Sunday, March 1, 2009

Next battle in religion wars?

Could the obsessively religious start attacking science for studying the brain? Orignal article here, though I haven't read it.

Most religions endorse the idea of a soul (or spirit) that is distinct from the physical body. Yet as neuroscience advances, it increasingly seems that all aspects of a person can be explained by the functioning of a material neuroscience begins to reveal the mechanisms underlying personality, love, morality, and spirituality, the idea of a ghost in the machine becomes strained.
Brain imaging indicates that all of these traits have physical correlates in brain function. Furthermore, pharmacologic influences on these traits, as well as the effects of localized stimulation or damage, demonstrate that the brain processes in question are not mere correlates but are the physical bases of these central aspects of our personhood. If these aspects of the person are all features of the machine, why have a ghost at all?

By raising questions like this, it seems likely that neuroscience will pose a far more fundamental challenge than evolutionary biology to many religions. Predictably, then, some theologians and even neuroscientists are resisting the implications of modern cognitive and affective neuroscience.


Galspanic said...

Brace for incoming Fugublowfish comment.

AI-BU9 said...

The only difference between psychosis, cults, and organized religion is the number of people who share your delusion.

Fugublowfish said...

Panic! What's up!

I just read an article on this that was pretty cool. It talks about two areas in the brain that basically control religious experiences--there's one that triggers the I-just-talked-to-Jesus hallucination (or aliens, if that's what turns you on), and there's a completely separate area that deals with feelings of faith and everyday religious convictions.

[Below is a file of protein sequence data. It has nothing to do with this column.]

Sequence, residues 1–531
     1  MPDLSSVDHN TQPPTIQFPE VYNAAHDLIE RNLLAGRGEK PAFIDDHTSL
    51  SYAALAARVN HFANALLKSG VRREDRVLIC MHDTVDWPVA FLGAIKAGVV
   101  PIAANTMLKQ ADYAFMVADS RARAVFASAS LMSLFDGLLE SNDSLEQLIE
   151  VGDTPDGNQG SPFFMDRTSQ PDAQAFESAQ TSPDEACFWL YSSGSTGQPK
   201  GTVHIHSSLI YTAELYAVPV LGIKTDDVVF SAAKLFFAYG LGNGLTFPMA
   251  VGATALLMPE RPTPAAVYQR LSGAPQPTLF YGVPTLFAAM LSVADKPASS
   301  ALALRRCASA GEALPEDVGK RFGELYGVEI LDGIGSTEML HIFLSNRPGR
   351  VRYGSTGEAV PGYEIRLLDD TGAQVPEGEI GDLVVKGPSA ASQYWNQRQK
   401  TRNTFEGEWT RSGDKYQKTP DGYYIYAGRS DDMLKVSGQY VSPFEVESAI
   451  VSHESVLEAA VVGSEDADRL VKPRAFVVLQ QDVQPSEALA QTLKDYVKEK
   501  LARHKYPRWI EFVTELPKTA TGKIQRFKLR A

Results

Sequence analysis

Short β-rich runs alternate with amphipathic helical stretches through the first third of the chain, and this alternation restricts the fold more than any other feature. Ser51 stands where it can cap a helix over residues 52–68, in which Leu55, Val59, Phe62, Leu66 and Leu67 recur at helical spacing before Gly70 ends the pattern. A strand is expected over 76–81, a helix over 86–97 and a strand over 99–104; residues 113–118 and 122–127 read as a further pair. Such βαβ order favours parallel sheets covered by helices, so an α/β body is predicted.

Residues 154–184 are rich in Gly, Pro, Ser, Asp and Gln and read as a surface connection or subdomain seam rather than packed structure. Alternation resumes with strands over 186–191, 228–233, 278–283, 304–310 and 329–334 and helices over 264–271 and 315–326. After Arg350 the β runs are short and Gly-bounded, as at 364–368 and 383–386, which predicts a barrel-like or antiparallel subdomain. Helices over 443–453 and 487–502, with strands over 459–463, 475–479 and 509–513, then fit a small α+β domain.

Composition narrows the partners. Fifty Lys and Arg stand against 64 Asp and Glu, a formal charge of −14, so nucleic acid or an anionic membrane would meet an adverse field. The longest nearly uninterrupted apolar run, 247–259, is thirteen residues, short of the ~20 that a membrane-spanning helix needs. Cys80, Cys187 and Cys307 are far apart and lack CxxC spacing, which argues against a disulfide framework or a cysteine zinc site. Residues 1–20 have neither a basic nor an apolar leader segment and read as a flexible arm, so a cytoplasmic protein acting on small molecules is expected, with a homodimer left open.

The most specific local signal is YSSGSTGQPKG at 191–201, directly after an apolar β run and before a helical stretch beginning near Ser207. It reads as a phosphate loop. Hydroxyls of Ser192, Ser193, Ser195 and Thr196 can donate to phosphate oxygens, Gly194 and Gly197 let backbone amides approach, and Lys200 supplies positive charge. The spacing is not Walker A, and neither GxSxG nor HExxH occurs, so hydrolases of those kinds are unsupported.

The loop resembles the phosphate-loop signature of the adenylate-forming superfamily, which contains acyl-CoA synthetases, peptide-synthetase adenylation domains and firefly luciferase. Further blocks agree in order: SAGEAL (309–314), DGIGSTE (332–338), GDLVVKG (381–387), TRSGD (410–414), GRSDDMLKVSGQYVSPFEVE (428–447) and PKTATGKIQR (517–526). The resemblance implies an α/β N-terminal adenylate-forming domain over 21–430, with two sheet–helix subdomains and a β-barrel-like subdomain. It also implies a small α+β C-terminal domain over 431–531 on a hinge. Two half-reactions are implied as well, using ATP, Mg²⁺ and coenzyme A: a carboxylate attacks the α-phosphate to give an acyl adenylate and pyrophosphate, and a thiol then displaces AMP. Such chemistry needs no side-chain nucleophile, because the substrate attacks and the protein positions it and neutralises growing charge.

But I don't see what the big deal is. You could still say that a god/alien/ghost can stimulate those areas of the brain to broadcast images into people's heads for fun, but that gives me a serious case of heebie-jeebies. It's much more refreshing to think that I probably just licked a funny stamp.

Fugublowfish said...

"The only difference between psychosis, cults, and organized religion is the number of people who share your delusion."

I'm totally devoting a good percentage of my life to adding that in the DSM-IX, or something.

odori said...

i will have to check out the original now.

i can see the deeply religious becoming outraged that scientists are offering a physical explanation for their faith or spiritual experiences.

Mr. Pony said...

I just heard something on the radio about the Catholic Church taking another look at the theory of evolution, and seeing if maybe it isn't quite so incompatible with their faith as previously thought. Whatever. Like I care what a cult that worships a magic zombie thinks. I mean, I'm all for people deluding themselves, but at this point, I think it's pretty fair to ask them to sit down and be quiet when the grown-ups are talking about grown-up things.